Social skills, social capital
12/11/2013 § 3 Comments
I had the pleasure of giving a seminar at Massey University last week. My host and I settled on the topic of ‘being a consultant’ (*.doc), especially as it compares to being a university researcher. The audience was lovely, and I had several good conversations about research and funding.
One topic I didn’t get into was social skills. In my list of Seven Skills of Consulting, I include social skills, and I’ve discussed them here and elsewhere. I’m bringing it up now because of Eric Crampton’s recent post on class etiquette. He rightly points to the signalling value of manners, how they signal whether or not you ‘belong’. And then he links to a fascinating post on the decisions people — specifically poor people — make about buying signals. As Eric points out,
Not knowing which signals need be sent and which are just purposelessly costly is costly.
I’ll put my hand up and admit that I have had it easy in this regard. My family has, in the main, been solidly middle class for more than a century, some branches for even longer. As a result, I was taught which socks to wear, which knife to use, how to write a thank-you note, etc. These lessons at home were reinforced at school, by teachers who taught us to speak correctly and peers who did. For example, I was utterly confused by the lesson that focused on the difference between ‘bought’ and ‘brought’. They are clearly two different words with different pronunciations and meanings — why the special focus? It was only when I was much older that I came across people who confused the two, and it seemed to me a class-based confusion.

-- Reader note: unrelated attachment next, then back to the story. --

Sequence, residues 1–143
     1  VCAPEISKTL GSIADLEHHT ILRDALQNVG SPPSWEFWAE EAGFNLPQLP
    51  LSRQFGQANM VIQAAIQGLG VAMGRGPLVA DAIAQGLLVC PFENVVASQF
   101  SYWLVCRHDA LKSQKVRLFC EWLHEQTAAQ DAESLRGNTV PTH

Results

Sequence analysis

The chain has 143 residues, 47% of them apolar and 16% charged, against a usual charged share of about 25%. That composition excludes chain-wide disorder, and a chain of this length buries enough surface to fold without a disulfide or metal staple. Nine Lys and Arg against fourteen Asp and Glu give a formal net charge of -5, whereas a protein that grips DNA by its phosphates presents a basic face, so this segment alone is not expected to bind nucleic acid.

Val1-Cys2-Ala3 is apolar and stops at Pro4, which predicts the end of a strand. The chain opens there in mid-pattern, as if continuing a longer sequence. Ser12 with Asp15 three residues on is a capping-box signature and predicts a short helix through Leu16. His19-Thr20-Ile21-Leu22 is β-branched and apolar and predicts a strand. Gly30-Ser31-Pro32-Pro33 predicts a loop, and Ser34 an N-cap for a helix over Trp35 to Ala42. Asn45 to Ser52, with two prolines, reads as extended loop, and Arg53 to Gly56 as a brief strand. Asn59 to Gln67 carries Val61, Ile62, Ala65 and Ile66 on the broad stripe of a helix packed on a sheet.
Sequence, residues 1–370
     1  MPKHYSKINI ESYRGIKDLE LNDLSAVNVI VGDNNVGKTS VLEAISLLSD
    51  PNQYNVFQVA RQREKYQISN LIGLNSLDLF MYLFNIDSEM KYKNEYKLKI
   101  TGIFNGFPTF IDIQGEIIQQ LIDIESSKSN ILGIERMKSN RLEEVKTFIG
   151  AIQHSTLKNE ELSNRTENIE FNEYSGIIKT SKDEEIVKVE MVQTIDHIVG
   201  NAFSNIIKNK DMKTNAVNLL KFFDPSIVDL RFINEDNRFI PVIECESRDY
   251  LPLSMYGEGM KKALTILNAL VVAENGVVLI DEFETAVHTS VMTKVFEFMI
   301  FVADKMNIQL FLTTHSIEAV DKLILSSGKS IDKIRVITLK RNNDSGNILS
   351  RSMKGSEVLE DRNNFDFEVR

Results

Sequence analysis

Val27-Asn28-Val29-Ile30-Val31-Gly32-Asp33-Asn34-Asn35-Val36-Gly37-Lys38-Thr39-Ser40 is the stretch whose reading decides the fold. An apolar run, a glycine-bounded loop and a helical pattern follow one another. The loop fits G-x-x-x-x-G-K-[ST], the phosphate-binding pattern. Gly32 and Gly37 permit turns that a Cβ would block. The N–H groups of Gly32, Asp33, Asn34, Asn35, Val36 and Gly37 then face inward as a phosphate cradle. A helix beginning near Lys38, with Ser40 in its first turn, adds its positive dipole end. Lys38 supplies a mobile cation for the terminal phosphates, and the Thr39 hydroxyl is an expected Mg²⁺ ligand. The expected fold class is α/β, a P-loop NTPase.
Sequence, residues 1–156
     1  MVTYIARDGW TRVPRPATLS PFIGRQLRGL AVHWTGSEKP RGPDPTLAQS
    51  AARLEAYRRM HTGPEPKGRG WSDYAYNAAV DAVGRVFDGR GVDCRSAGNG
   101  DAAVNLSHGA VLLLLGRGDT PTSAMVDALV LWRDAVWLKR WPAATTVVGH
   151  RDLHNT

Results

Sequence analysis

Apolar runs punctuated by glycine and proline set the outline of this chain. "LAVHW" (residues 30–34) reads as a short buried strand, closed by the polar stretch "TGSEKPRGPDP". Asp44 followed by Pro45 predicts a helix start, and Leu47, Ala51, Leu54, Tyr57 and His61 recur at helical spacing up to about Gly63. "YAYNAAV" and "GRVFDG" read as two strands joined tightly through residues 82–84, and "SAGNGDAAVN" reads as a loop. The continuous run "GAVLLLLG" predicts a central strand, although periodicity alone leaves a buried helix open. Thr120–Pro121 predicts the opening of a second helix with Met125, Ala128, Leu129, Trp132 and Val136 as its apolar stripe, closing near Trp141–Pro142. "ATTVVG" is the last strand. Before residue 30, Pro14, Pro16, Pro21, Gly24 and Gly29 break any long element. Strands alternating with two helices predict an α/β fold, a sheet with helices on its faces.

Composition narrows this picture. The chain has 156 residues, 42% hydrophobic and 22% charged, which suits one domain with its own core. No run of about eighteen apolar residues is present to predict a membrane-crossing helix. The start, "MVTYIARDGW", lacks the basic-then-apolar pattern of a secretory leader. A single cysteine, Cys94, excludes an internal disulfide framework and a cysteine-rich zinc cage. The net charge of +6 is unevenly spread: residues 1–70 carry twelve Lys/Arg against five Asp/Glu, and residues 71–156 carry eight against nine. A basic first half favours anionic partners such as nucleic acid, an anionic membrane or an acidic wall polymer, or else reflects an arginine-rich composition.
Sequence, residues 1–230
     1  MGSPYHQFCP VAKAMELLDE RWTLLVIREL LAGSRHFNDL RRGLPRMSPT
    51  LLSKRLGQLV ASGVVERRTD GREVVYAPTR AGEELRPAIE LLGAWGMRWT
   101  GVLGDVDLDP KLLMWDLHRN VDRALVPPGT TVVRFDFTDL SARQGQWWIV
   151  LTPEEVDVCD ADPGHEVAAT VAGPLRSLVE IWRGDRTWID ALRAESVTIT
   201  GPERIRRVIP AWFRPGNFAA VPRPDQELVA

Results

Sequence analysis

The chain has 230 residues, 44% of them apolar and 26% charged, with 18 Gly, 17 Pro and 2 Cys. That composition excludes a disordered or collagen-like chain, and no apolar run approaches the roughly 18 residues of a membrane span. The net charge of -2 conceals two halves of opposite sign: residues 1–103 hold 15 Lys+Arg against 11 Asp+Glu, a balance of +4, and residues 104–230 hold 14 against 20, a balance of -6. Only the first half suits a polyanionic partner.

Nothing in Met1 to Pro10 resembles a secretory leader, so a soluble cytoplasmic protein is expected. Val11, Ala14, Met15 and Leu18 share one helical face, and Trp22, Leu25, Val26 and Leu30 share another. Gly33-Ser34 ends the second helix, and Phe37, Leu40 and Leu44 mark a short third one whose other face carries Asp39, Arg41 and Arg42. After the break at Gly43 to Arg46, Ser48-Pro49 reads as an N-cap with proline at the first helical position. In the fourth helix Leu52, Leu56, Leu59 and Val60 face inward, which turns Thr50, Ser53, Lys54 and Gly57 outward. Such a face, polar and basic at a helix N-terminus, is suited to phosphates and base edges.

I have also noticed, when shopping at Target in the US or at The Warehouse in New Zealand, the class signals from clothing. For the same money, you can buy working-class clothes or middle-class clothes. You have the choice what kind of image you want to portray, what kind of allegiance you want to demonstrate. As the above-linked posts discuss, part of making that choice is having the knowledge — the social capital — to know what to wear and how to wear it.
Relying on that social capital gives me a certain licence. It creates the space in which I can be a consultant, in which I can bowl on up to people and introduce myself or insert myself into discussions. It allows me to flit from meeting to meeting or client to client — it provides a basic level of trust, of membership.
As I told the seminar last week, what I’m really selling is me and my reputation. I could have taken it further: I’m selling an image of me. Social skills are part of that image. Having them or not can make all the difference.